Biographical Database of Militant Suffragists, 1913–1920
Biography of May Wright Sewall, 1844-1920
A second sketch for May Wright Sewall can be accessed here.
By Katherine Will, Undergraduate, Loyola University Chicago
May Wright was born on May 27, 1844 in Greenfield, Wisconsin, the youngest child of Philander and Mary Wright. May’s father, a teacher, home-schooled her during her formative years, instilling values of gender equality and higher education in his lessons. She lived and taught in several towns in Wisconsin before attending Northwest Female College (now Northwestern University) in Evanston, Illinois. May graduated with a Bachelor’s degree in 1866 and a Master of Arts degree in 1871. After graduating, May returned to her home state of Wisconsin where she taught for a few years before moving to Michigan. In Franklin, Michigan, May met and married her first husband, Edwin Thompson, a fellow teacher. She later became the first female principal of the town's high school, thus solidifying her leadership role in education. May and Edwin moved to Indianapolis in 1874, where May began to establish her roots as a pioneer for both suffrage and education. After Edwin died, May remarried to another teacher, Theodore Sewall, and together they opened a school in Indianapolis called the Girls' Classical School. The curriculum taught at the Girls' Classical School included modern languages and sciences, quite a departure from the curriculum taught at other girls' schools that promoted art and music. The courses, Sewall believed, were integral to the academic development of young women who intended to attend college.
In addition to her work as an educator, May Wright Sewall established one of the first women's clubs in Indianapolis, a place where women could challenge and improve their "mental and social culture." Sewall joined the suffrage movement in 1878, when she and several other women met secretly to form the Indianapolis Equal Suffrage Society, a group which catapulted her to national recognition when she lobbied the Indiana General Assembly to pass the state's women's suffrage law. Although the Indiana state senate refused to pass the bill, May's frustration over gender inequality and voting rights sent her to the national level where she became Chairperson of the National Woman's Suffrage Association from 1882 until 1890. Sewall pushed the NWSA to spread their work internationally, helping women of many countries establish national councils who could in turn join the International Council of Women. Sewall was the president of the International Council of Women from 1899 to 1904, a period of time when the organization peaked with membership and activity. The World's Congress of Representative Women in Chicago in 1893 attracted more than 150,000 women from 126 countries. President William McKinley selected Sewall to be the U.S. representative of women at the 1893 Paris Exposition, due in part to her global work for women's suffrage. In her last years, Sewall agreed to join the Advisory Council of the National Woman's Party.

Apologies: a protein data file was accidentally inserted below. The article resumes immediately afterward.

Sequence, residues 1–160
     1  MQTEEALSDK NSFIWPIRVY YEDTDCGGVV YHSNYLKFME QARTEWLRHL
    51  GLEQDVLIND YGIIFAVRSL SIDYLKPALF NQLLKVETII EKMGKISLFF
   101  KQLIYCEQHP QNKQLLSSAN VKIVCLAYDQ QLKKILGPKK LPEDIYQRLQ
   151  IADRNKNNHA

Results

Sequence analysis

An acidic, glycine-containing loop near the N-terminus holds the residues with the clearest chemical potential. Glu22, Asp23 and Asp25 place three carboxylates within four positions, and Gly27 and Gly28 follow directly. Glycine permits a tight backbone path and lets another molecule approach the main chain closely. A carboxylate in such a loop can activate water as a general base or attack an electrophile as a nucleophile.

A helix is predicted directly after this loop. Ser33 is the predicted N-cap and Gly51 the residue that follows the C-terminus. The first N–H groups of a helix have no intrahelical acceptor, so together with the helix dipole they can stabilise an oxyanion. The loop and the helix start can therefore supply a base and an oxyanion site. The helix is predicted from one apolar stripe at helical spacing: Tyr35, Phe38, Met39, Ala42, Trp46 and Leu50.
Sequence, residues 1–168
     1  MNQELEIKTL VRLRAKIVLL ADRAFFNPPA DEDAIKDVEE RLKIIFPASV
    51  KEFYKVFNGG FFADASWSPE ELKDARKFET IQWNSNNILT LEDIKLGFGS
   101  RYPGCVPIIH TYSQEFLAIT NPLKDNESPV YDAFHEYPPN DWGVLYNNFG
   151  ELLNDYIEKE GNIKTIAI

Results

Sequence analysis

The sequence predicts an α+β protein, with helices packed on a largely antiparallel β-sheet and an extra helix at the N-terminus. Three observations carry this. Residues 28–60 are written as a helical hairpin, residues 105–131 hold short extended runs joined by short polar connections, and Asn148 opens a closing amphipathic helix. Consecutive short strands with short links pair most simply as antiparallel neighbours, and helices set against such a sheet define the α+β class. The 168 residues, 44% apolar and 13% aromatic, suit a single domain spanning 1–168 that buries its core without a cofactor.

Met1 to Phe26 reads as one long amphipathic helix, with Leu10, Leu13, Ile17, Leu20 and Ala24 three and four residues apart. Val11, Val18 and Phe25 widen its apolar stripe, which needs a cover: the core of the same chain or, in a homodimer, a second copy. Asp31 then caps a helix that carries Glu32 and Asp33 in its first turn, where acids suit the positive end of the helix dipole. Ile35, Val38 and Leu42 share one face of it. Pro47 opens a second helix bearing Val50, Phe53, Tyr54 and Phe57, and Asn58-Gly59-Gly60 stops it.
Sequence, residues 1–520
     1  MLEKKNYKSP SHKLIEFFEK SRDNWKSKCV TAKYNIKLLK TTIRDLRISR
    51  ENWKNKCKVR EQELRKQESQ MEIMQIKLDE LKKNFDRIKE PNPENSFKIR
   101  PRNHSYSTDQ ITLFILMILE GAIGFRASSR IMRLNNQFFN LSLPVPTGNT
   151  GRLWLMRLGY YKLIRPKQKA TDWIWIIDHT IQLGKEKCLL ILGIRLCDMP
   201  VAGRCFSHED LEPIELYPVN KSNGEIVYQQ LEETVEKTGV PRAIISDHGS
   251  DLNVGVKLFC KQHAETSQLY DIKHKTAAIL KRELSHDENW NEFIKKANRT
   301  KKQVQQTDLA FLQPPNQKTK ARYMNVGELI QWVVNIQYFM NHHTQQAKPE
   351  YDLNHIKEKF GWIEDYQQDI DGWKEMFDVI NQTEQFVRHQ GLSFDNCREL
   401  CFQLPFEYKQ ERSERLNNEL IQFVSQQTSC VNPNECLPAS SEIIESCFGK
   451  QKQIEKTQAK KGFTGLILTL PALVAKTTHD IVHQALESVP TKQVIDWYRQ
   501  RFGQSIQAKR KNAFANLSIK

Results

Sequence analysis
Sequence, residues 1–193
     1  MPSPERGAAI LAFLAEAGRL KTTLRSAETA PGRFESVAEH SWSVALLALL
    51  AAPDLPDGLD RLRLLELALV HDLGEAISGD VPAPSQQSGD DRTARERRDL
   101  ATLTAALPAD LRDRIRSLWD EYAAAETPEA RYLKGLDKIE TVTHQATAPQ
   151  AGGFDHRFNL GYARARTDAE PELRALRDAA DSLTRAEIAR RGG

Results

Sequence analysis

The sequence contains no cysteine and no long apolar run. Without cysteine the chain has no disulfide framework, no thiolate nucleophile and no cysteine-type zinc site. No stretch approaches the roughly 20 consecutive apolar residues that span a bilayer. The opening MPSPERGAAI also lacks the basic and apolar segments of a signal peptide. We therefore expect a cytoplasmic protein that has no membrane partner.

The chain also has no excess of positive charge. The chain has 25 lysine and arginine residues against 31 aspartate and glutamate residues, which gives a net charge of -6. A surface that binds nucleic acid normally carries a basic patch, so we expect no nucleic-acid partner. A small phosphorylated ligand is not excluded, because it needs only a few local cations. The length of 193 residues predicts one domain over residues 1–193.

May Wright Sewall spent the remaining years of her life as an advocate for peace and spirituality. The International Council of Women elected Sewall to speak at four peace conferences between 1904 and 1911, aligning nearly eight million women with world peace efforts. An ardent spiritualist, Sewall published a book about psychic experiences, Neither Dead Nor Sleeping, which chronicled her communication with her deceased second husband (who passed away in 1895), as well as a Russian pianist and French priest.
May Wright Sewall died on July 22, 1920 of kidney disease in Indianapolis. Her legacy and work contributed to the passage of the 19th amendment, which was ratified one month after her death.
Ray E. Boomhower, Fighting For Equality: A Life of Mary Wright Sewall (Indianapolis: Indiana Historical Press Society, 2007).
Jane Stephens, "Mary Wright Sewall: An Indiana Reformer," Indiana Magazine of History (1978), 274-92.
"Sewall, May Eliza Wright," in Notable American Women 1607-1950: A Biographical Dictionary; Edward T. James, Janet Wilson James, and Paul S. Boyer, eds. (Cambridge, MA: Harvard University Press, 1971), 270.